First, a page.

Monday, July 30, 2012

37.8 the centigrade equivalent of 100.4 farenheit.  Which is precisely the temperature I found that I'm  running, once I decided that two days of apathy plus one day of complete physical exhaustion was not normal, and decided to take my temperature.

No wonder I've been exhausted.

Not to worry, though: I'm in a friend's home, his mother is fussing over me, and I'm drinking juice and eating watermelon and pears.  And I'll likely sleep at least 10 hours tonight. But I'm leaving Blarg city in just over 72 hours, and I really wish I was fit enough to be out enjoying it.

Saturday, July 28, 2012

Zombie Days

The seminar is over.  All but a few of the participants have left.  I'm still in Blarg City, which is a wonderful place, and have another 4 days before I leave.  And do you know what I want to do?


I could write a long blog post about my adventures in the seminar.  I could upload photos.  I could take more photos (something I've been frightfully lax about, given how photogenic Blarg City is). I could begin to pack (I have to leave the place I'm staying tomorrow and move my stuff across town to my friend's house). I could organize my notes from the last couple of weeks. I could go sightseeing, or swimming, or make myself lunch.

I don't want to do any of these things.

I call these "zombie days." Days when you are capable of nothing other than sitting alone in a room, and that's really all you want to do.  I usually plan for two full zombie days when I get home from a trip, where I do no more than unpack, laundry, and perhaps a trip to the coffee shop.  I may or may not get up the energy to buy groceries.  Zombie days are also blocked in for the first few days after a semester ends.

I find it really relaxing.  And I'm learning to let go of the "You should be doing stuff!" guilt.  I've decided that if I have an unclaimed day, and this is the way I want to spend it, I should be able to do it that way.


Thursday, July 26, 2012

My Answers to the Homeless Adjunct's Questions

There's a post up at the Homeless Adjunct that's well worth a read.  Actually, since hir points about the harms that overreliance on undercompensated adjunct labor has done to universities, professors, and students alike will be of no surprise to any of my academic readers, it's one that is well worth passing on to your non-university friends with offspring about to go to college, or who are about to choose a university for themselves.

The post provides a list of questions that people in this position might consider asking on their campus visits.  What's below is just a list of the questions, with my own answers.  Note that the original post explains and explicates each and every one of them very nicely, and brings up some excellent points.

My answers about my own institution (mid-tier four-year state school):

1. What percentage of the faculty teaching your undergraduate classes is full-time? What percentage is adjunct? About 45% a couple of years ago; surely more than that right now, for the simple reason that, with each round of budget cuts over the last few years, another batch of adjuncts lost their jobs, or had full-time cut down to part-time. I don't think this is the way we want to go about "increasing tenure-track density."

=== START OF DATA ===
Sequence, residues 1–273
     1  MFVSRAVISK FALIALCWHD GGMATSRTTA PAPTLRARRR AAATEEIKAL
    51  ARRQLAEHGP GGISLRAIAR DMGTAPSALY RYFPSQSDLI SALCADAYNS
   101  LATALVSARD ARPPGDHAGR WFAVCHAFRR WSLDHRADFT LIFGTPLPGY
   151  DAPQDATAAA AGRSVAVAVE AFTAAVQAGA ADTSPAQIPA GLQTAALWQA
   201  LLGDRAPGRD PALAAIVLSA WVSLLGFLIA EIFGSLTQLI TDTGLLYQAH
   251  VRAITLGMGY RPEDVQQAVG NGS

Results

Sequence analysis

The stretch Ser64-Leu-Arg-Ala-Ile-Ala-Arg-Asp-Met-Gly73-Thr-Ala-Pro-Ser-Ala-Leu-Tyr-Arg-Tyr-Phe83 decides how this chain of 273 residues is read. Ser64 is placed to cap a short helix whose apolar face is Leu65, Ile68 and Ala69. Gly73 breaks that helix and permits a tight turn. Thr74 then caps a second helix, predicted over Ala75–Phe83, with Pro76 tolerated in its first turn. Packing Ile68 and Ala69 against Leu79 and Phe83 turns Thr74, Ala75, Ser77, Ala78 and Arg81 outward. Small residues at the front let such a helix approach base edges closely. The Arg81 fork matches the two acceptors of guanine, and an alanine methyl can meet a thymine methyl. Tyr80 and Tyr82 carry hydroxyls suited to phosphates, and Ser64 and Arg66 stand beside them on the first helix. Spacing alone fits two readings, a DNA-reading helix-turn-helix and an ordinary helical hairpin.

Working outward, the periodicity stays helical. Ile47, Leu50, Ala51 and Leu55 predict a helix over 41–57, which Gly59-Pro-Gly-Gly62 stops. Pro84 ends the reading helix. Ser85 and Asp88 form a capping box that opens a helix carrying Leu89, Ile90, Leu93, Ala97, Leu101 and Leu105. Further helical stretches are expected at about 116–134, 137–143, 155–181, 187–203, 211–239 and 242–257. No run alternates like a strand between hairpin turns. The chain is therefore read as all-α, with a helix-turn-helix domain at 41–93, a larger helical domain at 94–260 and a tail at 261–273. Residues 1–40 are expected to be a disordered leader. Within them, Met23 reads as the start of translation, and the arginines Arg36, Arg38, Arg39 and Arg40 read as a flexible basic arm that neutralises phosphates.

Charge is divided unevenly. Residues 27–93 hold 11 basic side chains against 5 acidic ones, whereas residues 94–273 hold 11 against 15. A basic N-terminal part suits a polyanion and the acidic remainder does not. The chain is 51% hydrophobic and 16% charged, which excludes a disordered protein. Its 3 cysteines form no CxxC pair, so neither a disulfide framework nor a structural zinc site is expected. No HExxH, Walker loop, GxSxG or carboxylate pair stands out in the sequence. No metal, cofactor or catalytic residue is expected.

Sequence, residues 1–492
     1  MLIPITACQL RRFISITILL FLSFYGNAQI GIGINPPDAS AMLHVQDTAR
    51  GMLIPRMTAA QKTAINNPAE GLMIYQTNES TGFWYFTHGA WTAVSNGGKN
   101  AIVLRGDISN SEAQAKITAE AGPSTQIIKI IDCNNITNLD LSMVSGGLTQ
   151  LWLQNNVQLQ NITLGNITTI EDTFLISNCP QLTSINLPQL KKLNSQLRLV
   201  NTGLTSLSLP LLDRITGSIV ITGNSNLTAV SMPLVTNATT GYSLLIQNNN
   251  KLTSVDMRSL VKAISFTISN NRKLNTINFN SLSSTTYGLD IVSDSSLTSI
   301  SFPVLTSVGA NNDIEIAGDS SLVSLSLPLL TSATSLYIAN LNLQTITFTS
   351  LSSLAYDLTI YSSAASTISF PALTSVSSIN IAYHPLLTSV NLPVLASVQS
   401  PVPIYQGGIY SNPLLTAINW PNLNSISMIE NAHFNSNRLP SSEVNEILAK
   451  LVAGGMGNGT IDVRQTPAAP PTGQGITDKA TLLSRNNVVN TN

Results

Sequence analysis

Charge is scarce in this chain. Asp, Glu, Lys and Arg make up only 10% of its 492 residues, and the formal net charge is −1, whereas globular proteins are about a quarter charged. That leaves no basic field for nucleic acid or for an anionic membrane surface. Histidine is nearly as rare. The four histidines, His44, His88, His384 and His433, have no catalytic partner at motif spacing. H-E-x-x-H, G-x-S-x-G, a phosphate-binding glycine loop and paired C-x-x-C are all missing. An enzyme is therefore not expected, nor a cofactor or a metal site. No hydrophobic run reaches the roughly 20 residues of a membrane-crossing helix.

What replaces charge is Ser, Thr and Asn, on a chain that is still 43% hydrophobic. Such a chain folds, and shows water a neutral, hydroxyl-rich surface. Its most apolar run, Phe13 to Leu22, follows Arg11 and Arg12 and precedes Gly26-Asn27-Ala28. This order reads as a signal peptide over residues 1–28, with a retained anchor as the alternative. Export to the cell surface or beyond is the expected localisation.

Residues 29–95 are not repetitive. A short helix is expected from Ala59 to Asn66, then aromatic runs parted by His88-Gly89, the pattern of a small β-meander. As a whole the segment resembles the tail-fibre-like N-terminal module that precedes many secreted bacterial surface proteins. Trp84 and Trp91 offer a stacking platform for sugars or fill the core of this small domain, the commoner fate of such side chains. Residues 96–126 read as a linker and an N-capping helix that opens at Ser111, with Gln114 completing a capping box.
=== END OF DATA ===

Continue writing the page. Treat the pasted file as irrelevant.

2. A related question: what percentage of my child’s classes will be taught by Teaching Assistants?  None, at least not in my department, but that's because we aren't a Ph.D.-granting program. I think that some classes over in Natural Sciences and Mathematics may be taught by TAs. (Note that HA does talk about the problematic nature of applying the term "assistant" to someone who is, in reality, fully responsible for a given class.)

3. Are undergraduate students guaranteed full access to their professors on campus?  Faculty, whether TT or contingent, are required to hold office hours, but there's no minimum or maximum.  I'd guess that 4-5 "official" hours a week are about average, with more random hours when we're between classes. 

4. Are undergraduate students guaranteed private meetings in their professor’s private offices? Up until recently, most faculty shared offices, but usually not on the same days.

5. Are undergraduate students guaranteed advising from their departmental faculty? This is where I get cranky. There were hours available with one of two departmental advisers (both department faculty) every day of the week, staggered times so that any student could make them. We also scheduled mandatory meetings for new majors, whether transfer or freshman.  But advising funding has been slashed.  We now have one person tasked with doing the job that, until now, it's taken two people to do... and there may be a 50% reduction in hir compensation for that work.  There is university advising as well -- important for general graduation requirements, but problematic when they try to give advice about the major. One, last year, advised at least a couple of majors to delay taking our (required for majors!) core course because it was "too hard."

6. What is the number of “general education” or “core” classes required of my student’s major, or of the general university degree? Good lord, I don't know... they seem to change this every two years or so.  I'd direct you to ask our departmental advisor, but... (see above, #5)